IN THE EARLY 1980s, sandal-wearing Dr Gray trod a path different to most doctors of the day.
As a house surgeon in Taranaki, he was the doctor for the 1981 centennial commemorations of the invasion of Parihaka. “I stole a lot of stuff from ED and fitted out a caravan, and was on site as the doctor,” he says.
Then he volunteered to be the typist for Taranaki iwi Te Āti Awa’s ground-breaking Waitangi Tribunal claim and campaign to stop the Motunui synthetic fuel plant discharging waste into local fishing grounds.
Looking back, he sees his interest in environmentalism and things Māori was seeded by inspirational teachers at the then newbie Wellington School of Medicine.
A key role model was physician and researcher Ian Prior, one of the drivers of the Save (Lake) Manapouri campaign, who did pioneering epidemiological research with the Tūhoe communities in the Urewera.
Other influences included Jules Older, a US-born University of Otago behavioural science lecturer, who spoke up in the late 1970s for more Māori in the health professions. Dr Older got flak for it.
Activism, then, rather than medicine, dominated the early 1980s for young Dr Gray.
A couple of years at Taranaki Base Hospital showed him hospital medicine was not for him, and he decided on general practice.
After his GP registrar training year, he asked to join the group practice in Waitara – the north Taranaki town where he already had links through his involvement in the Motunui case. Tribunal work was part of developing his role as a doctor.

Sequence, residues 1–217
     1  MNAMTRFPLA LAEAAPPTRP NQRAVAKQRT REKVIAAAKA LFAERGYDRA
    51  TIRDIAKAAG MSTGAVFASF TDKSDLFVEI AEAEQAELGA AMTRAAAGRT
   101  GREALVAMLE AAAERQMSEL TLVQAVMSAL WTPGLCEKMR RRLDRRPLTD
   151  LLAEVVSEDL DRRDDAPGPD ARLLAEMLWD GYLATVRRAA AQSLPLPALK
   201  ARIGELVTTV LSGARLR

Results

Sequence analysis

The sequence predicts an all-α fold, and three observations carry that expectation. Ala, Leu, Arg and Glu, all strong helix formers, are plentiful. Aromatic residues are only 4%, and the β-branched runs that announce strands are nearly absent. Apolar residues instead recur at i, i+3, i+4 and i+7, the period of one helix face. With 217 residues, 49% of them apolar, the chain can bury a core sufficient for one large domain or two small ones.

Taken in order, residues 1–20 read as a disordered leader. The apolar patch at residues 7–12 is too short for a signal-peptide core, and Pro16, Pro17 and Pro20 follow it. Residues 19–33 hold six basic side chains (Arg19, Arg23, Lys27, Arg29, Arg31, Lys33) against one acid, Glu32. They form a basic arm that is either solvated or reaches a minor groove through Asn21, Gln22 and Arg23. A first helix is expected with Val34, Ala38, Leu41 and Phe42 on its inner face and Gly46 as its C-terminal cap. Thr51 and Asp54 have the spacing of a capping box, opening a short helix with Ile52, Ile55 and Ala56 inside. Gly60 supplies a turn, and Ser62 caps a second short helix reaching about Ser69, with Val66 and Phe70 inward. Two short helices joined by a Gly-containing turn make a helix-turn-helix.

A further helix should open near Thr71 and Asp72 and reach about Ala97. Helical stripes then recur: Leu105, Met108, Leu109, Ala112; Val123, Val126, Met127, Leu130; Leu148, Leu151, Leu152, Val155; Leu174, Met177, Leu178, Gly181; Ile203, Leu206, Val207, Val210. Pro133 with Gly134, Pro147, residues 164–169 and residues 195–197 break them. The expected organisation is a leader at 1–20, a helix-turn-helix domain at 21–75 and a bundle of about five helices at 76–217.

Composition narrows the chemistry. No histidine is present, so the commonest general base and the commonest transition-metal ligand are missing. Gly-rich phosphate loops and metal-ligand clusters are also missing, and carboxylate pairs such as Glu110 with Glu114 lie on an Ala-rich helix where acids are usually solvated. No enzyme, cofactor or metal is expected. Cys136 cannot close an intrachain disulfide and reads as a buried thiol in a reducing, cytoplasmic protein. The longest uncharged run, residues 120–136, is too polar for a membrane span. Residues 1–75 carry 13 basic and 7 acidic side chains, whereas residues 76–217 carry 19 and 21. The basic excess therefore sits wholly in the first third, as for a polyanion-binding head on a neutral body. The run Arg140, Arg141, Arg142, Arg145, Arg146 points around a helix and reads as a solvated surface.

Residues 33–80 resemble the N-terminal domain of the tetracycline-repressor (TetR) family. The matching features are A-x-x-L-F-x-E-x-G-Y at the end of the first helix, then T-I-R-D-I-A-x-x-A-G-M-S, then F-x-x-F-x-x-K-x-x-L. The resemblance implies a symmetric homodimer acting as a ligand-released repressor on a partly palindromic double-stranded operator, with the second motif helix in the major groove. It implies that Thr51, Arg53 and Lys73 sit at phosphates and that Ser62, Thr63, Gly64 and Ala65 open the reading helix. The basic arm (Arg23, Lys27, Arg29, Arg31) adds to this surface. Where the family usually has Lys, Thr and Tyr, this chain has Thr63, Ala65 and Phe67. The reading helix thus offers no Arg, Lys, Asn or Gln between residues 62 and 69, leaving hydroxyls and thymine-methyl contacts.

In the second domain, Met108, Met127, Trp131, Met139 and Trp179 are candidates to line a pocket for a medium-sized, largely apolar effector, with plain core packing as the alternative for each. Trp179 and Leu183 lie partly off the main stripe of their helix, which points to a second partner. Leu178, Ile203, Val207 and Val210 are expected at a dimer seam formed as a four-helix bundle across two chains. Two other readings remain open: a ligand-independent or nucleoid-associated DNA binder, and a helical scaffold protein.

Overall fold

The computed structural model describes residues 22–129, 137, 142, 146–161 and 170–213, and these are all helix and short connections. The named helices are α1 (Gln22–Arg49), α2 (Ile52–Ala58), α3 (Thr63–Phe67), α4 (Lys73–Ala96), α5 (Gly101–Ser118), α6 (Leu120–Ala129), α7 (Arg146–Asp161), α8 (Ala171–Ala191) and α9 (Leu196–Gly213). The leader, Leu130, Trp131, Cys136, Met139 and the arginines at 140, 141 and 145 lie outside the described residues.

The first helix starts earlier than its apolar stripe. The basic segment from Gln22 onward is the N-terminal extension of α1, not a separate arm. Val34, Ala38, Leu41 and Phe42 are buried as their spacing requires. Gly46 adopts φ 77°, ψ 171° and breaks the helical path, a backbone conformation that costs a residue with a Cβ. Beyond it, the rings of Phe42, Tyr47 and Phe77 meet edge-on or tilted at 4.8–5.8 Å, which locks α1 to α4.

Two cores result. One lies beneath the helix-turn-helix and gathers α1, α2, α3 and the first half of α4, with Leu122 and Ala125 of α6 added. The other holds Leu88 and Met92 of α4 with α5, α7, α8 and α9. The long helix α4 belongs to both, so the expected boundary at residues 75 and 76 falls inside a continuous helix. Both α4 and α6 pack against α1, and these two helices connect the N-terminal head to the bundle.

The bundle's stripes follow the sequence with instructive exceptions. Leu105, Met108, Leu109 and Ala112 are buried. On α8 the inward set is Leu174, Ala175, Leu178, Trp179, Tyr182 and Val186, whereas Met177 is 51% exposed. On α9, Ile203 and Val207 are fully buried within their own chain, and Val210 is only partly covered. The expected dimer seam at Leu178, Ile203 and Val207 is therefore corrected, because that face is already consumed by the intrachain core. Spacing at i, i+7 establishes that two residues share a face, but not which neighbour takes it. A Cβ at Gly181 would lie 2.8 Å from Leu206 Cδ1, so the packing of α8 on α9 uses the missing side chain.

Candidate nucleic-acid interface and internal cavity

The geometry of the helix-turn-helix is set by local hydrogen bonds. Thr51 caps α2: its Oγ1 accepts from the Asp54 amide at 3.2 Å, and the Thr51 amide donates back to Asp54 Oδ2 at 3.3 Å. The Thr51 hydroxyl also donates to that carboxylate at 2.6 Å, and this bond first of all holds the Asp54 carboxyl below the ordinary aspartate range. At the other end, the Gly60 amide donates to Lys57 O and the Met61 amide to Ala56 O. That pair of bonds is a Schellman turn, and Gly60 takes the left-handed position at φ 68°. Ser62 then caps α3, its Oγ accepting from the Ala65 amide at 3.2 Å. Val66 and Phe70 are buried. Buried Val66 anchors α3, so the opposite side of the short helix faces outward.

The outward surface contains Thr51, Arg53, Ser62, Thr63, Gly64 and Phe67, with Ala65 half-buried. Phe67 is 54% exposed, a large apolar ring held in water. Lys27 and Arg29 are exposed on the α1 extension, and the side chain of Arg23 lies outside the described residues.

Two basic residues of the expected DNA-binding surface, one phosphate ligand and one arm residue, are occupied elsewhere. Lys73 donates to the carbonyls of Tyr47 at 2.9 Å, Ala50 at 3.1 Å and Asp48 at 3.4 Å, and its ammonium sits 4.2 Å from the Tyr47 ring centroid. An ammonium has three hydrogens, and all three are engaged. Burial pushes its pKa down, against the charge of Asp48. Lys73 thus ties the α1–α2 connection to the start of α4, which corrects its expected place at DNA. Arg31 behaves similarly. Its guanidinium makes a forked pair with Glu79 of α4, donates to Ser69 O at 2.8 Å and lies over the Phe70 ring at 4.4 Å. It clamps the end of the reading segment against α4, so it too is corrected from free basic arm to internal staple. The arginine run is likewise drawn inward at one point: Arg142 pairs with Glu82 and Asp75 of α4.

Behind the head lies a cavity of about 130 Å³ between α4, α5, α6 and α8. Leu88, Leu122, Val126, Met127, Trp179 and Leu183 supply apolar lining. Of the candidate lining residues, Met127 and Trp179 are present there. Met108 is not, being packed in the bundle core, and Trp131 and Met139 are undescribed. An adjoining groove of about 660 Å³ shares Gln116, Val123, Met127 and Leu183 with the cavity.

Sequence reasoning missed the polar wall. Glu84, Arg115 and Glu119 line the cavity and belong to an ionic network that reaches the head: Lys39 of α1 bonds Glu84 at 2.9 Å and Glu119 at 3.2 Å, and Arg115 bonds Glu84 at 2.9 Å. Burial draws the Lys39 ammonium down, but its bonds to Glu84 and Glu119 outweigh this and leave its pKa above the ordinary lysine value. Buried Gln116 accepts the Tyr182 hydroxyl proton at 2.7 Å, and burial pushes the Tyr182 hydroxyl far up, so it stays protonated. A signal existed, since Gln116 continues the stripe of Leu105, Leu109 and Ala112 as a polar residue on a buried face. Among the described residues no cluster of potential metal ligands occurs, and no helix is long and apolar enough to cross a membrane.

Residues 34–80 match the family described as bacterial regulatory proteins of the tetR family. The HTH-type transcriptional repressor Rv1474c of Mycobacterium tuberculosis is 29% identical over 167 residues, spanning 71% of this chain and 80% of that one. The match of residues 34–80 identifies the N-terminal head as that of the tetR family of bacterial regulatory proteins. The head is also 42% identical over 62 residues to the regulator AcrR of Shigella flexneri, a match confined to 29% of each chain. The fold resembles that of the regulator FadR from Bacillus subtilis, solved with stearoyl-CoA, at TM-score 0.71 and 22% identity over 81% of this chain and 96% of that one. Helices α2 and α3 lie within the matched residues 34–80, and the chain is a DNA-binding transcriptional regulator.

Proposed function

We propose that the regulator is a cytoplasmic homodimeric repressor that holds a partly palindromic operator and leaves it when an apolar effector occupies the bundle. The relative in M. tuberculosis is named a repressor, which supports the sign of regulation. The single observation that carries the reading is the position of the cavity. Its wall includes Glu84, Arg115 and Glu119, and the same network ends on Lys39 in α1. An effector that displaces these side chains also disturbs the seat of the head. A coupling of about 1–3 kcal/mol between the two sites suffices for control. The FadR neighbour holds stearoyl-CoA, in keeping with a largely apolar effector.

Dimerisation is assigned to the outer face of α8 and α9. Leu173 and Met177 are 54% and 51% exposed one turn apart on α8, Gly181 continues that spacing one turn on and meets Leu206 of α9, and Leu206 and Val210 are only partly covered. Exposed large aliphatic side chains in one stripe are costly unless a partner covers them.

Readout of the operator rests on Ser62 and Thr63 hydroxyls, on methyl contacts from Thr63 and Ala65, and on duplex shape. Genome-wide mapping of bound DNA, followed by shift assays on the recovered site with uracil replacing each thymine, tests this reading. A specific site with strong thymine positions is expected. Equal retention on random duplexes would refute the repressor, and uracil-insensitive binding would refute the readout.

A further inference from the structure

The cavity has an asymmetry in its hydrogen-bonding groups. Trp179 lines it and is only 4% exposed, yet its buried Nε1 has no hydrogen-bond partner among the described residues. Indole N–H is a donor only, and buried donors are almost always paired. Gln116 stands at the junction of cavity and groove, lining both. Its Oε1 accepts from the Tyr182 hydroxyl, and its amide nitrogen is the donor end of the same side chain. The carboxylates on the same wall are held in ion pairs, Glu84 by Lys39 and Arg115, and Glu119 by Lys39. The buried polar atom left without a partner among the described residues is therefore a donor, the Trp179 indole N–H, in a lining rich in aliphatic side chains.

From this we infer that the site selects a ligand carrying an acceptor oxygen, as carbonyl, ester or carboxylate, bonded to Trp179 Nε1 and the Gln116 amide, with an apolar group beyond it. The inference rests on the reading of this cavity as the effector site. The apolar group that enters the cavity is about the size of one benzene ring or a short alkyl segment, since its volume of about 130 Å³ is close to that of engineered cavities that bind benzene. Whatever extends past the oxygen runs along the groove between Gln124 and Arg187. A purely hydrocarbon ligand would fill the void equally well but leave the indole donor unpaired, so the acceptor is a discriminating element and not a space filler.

His Māori patients couldn’t gather shellfish from their own reef, as it was so badly polluted. Thus, the tribunal claim “seemed a relevant thing to be involved with”.
Dr Gray is also part of a generation that graduated without debt. “I saw myself as having a responsibility to the community that trained me.”
He was to be a GP in Waitara from 1985 to 1992.
“I lived a stone’s throw from the marae, which was a stone’s throw from my clinic, and I became embedded in the town, really, particularly among the Māori community from the time I was spending on the marae.”
In Waitara, many Māori had a reasonable income and lifestyle thanks to the then freezing works (closed in 1995). At the time, most whānau kept gardens and had a lot of community support.
“It was fun being part of a town that had this Māori identity, which it had retained, despite the Land Wars and all the history behind that,” Dr Gray says. “Waitara was very cohesive around the marae.”
He says he was also lucky in his three GP partners at Waitara Medical Centre, all excellent GPs and very accepting of their hippie-activist partner.
“At my wedding, one of the partners made an ironic comment ‘and then Ben found socks’,” he recalls with a laugh.
Ben did find socks, but didn’t give up activism. He got himself elected to the Taranaki Regional Council.
Life got in the way, though, after he and senior public servant wife Lynne Dovey had their first child. Dr Gray struggled to be a GP, local body politician, father and partner.
When their daughter was six months old, they moved to Wellington, where Lynne had career opportunities and other members of Dr Gray’s family were living. He became main caregiver, house husband and home renovator, but it lasted only three months before he started to go “quietly mad”.